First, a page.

Last week my daughter and I watched a documentary called ‘Minimalism: A Documentary About the Important Things’. The film follows two men who changed their lives when they decided to become minimalists. The documentary focused primarily on Minimalism from a philosophical and lifestyle point of view - they describe Minimalism as a tool that can assist you in finding freedom and consciousness - but it got me thinking about Minimalism specifically in the interior design world.
Quite often the concept of ‘Minimalism’ is thought of as an extreme. I know the first things that would pop into my head were white, sterile and utilitarian. Often beautiful and stunning, but not in a way that I connected to personally. Not something I could live with day to day. However, I’ve come to realize that although that is Minimalism for some people, it doesn’t have to be for others. It isn’t about following a strict or extreme design process, but more about employing a sustainable and thoughtful approach.
So, what is Minimalism? Minimalism is officially defined as a style or technique (as in music, literature, or design) that is characterized by extreme spareness and simplicity. However, it is subjective and can mean something very different from person to person, such is the nature of art and design. I believe Minimalism, at its core, is about reducing the clutter of things that are not necessary and/or are not really meaningful to you. Thinking about it like this made Minimalism accessible to me. As a designer, I love beautiful things across all spectrums of art and design. Over the years I have managed to gather a pretty good collection of items, from stunning coffee table books bought in New York while visiting my daughter to old antiques left to me by my mother. The idea of Minimalism would appear to challenge that and require me to clear these things out, reducing them to only a few. In my mind, this is not the case. These things add value to my life, they are the gallery of my life and experiences. In other words, they are meaningful and necessary to me. Just as much as someone else’s toy car or stamp collection is meaningful and necessary to them. This is where Minimalism can become your own. It isn’t about owning very little but about deciphering what adds value to your life and giving these things space by removing the things that don’t. It allows your interiors to breathe.
This made me think about my own approach to interior design and the way in which I like to collaborate with clients. When I work, my aim is to help clients find their own style. I must learn about what is important to them and what things are essential. When I have discovered this then I can help them create a home that looks beautiful and functions correctly, a home that works with it’s inhabitants.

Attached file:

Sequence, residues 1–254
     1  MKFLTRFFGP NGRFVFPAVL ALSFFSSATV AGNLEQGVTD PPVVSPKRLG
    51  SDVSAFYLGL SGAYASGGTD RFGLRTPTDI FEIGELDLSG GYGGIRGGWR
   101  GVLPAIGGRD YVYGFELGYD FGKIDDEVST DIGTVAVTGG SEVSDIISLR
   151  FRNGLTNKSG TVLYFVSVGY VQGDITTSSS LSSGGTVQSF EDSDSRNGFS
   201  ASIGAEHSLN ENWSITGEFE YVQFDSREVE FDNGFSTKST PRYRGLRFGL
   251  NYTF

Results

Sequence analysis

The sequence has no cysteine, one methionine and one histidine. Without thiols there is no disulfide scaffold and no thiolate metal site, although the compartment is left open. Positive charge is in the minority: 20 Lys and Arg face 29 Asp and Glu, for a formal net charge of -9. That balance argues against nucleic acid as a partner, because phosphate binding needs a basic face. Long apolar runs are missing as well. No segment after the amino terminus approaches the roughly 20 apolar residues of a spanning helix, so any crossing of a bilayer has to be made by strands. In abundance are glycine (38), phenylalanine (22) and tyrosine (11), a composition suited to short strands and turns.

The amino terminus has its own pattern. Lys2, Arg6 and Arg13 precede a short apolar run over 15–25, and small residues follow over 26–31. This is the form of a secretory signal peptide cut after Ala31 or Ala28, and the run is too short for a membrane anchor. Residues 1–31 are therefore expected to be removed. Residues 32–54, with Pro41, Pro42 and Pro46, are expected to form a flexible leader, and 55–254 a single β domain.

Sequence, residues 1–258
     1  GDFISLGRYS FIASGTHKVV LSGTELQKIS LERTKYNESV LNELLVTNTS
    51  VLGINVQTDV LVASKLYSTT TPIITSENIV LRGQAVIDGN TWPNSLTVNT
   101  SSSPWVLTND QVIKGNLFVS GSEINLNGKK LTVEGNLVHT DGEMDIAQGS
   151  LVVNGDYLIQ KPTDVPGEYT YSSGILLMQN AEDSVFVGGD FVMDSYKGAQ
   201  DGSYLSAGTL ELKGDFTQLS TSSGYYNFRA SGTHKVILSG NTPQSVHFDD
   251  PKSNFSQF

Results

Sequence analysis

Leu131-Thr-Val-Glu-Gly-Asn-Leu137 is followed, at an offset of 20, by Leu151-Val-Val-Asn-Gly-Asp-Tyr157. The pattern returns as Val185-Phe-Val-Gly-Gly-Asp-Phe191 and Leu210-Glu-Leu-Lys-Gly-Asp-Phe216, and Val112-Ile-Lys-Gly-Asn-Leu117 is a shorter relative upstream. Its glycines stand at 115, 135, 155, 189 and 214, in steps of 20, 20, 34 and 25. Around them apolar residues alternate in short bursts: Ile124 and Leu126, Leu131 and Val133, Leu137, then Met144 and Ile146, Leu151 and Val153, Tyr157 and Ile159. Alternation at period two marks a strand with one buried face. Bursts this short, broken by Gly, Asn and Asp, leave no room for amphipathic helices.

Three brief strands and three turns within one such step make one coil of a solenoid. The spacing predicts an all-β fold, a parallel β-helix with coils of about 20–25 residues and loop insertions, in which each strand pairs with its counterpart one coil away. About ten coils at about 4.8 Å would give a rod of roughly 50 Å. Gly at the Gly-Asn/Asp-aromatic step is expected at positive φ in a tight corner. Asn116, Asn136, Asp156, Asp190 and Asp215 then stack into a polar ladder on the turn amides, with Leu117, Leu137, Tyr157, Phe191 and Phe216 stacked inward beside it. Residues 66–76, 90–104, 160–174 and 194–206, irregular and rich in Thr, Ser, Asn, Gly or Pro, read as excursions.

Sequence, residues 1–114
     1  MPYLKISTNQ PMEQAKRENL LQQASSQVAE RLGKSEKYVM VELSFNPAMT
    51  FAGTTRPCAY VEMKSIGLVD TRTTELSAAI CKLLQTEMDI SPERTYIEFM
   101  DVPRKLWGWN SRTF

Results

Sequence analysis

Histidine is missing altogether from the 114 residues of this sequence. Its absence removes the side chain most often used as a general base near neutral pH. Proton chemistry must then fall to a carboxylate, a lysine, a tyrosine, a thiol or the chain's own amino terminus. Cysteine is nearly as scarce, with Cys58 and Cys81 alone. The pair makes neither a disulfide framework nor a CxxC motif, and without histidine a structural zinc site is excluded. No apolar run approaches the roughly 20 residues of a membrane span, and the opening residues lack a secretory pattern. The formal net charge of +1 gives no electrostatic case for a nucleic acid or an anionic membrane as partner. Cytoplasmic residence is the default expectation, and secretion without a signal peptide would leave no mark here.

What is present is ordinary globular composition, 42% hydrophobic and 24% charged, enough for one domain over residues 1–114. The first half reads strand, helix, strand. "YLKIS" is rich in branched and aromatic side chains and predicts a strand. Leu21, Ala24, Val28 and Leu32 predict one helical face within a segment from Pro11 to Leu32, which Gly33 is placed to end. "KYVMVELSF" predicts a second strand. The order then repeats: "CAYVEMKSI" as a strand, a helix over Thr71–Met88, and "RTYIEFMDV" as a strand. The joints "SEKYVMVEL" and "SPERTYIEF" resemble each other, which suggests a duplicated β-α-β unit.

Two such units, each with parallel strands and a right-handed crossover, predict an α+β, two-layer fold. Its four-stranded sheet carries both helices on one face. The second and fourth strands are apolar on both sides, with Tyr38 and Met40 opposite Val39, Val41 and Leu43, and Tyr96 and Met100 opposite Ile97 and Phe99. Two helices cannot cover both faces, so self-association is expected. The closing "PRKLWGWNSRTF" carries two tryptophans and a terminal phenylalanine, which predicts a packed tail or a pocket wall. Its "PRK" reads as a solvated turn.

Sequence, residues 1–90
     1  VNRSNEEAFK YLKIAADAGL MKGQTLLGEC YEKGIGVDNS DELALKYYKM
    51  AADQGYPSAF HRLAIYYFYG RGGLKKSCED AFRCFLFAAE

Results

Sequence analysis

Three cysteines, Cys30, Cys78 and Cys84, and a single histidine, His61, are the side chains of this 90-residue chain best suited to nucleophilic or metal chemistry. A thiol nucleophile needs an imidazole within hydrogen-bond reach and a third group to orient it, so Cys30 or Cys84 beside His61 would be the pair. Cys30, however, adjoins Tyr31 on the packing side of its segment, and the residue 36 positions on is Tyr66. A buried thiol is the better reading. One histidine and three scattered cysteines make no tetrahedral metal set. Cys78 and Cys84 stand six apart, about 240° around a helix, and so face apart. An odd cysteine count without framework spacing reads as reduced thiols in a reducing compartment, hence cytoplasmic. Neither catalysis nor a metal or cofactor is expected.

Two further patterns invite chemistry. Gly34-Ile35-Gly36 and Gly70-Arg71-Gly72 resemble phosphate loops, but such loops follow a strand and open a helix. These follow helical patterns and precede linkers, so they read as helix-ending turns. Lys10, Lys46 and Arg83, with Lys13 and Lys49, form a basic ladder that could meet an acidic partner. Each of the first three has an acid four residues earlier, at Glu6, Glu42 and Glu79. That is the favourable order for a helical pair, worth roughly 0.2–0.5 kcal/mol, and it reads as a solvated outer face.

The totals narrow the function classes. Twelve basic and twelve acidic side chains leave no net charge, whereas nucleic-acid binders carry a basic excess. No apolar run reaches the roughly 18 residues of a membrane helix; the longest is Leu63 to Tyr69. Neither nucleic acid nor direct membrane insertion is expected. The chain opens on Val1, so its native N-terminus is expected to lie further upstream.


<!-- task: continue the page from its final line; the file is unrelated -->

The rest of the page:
I think this element of functionality is what interests me most. Minimalism is about being sustainable and economical, two things that I am very conscious of when I design. Now more than ever we are subjected to ever-changing styles and trends and it can be very costly and unsustainable to try and keep up with it all. That’s not to say they aren’t fun, I love nothing more than playing with new colours and designs. However when designing a client’s home, or even my own home, I try to identify the style or trend that is sustainable, that is going to last and stand the test of time. This includes using sustainable materials - check out our Inspiration: Wood blog post which discusses our thoughts about up-cycling and using salvaged materials.
The economical design solutions developed by people seeking a minimalist life inspire and amaze me. I live in a tiny cottage. I am forever looking for ways to accommodate everything without my home feeling cluttered or messy - I’m an interior designer after all! I find the Tiny Houses movement the most fascinating. Obviously, these are the extreme of economical design however we can definitely learn a lot from them about making the most of the space we have.
I believe that the way we perceive our surroundings has psychological effects. I know personally that I struggle to be productive in a space that is cluttered. Before I can start any day in the office my desk has to be organized and clean so that my mind feels like it can function properly. Similarly, when working in a space that has been designed intelligently and economically I feel inspired. I think this is Minimalism’s key function in relation to interior design.
I would not describe myself as a ‘minimalist’ interior designer, just as I would not describe myself as a ‘traditionalist’ or ‘modernist’. I have an appreciation for all design styles. Overall, I think Minimalism in it's full-force (lifestyle and design) can be unrealistic and inaccessible. However, I definitely believe that approaching any scheme with minimalist values can only serve to improve and enrich.